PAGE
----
Mr Ambedkar died on december 06 1956. At first, He contributed the indian constitution. The second, He converted a lot of peoples becoming Buddhists. His works made great contributions to Buddhism.
4 -  Mr Goenka (1924 – 2013 CE):

Satya Narayan Goenka 
         Please, research the link below:
Satya Narayan Goenka (ISO 15919Satyanārāyaṇ GoyankāBurmese:  MLCTSu: gui ang ka; 29 January 1924 – 29 September 2013), commonly known as S. N. Goenka, was an Indian teacher of Vipassanā meditation. Born in Burma to an Indian business family, he moved to India in 1969 and started teaching meditation. His teaching emphasized that the Buddha's path to liberation was non-sectarian, universal, and scientific in character. He became an influential teacher and played an important role in establishing non-commercial Vipassana meditation centers globally. He was awarded the Padma Bhushan by the Government of India in 2012, an award given for distinguished service of high order.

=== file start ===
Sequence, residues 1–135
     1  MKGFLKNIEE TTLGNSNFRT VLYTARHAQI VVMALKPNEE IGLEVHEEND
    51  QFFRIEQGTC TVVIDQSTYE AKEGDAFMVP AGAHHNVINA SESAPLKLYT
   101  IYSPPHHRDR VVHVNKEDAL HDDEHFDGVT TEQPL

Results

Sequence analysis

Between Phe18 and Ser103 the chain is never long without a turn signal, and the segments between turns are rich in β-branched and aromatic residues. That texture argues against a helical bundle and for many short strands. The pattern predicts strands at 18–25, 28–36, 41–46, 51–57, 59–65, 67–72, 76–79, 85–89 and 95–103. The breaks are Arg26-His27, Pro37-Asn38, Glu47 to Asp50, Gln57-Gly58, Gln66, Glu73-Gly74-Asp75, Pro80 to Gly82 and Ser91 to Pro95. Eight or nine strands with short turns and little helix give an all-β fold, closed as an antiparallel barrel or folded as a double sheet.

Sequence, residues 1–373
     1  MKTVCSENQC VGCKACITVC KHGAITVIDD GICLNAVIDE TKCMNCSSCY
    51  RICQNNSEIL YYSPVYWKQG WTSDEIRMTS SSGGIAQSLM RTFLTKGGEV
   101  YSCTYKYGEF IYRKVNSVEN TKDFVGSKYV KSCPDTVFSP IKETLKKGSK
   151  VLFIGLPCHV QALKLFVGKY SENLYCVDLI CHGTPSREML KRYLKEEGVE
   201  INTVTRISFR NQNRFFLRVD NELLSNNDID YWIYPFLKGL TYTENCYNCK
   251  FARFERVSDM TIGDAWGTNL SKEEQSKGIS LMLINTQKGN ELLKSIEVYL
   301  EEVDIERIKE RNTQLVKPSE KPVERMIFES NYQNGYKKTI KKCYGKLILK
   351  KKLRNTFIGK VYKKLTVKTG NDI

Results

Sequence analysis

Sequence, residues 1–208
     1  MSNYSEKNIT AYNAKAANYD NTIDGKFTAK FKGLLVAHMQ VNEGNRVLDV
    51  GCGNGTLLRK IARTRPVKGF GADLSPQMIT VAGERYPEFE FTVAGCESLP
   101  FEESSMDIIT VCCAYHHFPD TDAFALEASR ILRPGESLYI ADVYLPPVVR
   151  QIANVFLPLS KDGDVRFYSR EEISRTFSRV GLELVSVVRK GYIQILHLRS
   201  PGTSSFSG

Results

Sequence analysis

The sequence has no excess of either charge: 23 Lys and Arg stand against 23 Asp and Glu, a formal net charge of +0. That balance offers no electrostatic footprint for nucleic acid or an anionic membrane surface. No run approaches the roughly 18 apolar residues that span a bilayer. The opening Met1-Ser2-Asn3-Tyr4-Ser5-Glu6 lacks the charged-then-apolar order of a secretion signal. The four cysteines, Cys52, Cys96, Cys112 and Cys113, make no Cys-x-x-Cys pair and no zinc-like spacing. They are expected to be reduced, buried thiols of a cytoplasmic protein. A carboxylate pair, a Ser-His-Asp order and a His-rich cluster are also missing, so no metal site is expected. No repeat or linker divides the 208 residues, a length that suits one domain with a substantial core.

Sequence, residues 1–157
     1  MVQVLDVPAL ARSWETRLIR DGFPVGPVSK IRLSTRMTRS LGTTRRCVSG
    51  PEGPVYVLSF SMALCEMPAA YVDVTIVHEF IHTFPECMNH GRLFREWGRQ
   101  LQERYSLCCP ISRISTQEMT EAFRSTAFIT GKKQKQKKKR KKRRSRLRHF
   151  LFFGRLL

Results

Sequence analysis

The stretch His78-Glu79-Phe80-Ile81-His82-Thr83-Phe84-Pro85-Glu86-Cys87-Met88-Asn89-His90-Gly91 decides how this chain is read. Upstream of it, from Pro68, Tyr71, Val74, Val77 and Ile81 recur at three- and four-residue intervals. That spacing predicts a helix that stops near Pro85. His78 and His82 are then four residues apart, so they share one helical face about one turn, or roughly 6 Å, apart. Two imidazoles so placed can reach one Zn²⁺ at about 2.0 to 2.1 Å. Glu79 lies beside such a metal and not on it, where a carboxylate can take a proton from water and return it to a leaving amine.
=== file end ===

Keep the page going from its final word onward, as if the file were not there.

Early life and background[edit]
Born on 29 January 1924 in Burma (now Myanmar) to Indian parents from the Marwari ethnic group, Goenka grew up in a conservative Hindu sanatani household.[4] He was a successful businessman, when in 1955 he started experiencing severe, debilitating migraines.[5][6] Unable to find medical relief, and on the suggestion of a friend, he met with the Vipassana teacher Sayagyi U Ba Khin. Though initially reluctant, Ba Khin took him on as a student.[7][8][9] Goenka subsequently trained under him for 14 years.[7][10]

Pagoda at Dhamma Giri Meditation Centre, Igatpuri, which was founded by Goenka in 1976.
In 1969, Goenka was authorised to teach by Sayagyi U Ba Khin, who died in 1971. He left his business to his family and moved to India, where he started the first Vipassana meditation centre at Kusum Nagar in Hyderabad. Seven years later, in 1976, he opened his first meditation centre, Dhamma Giri, in Igatpuri near NashikMaharashtra. He taught meditation on his own until 1982, and then started training assistant teachers. He established the Vipassana Research Institute at Dhamma Giri in 1985.[7][10]
From the start, he taught 10-day intensive meditation retreats, and by 1988 had taught numerous people, including several thousand Westerners.[11]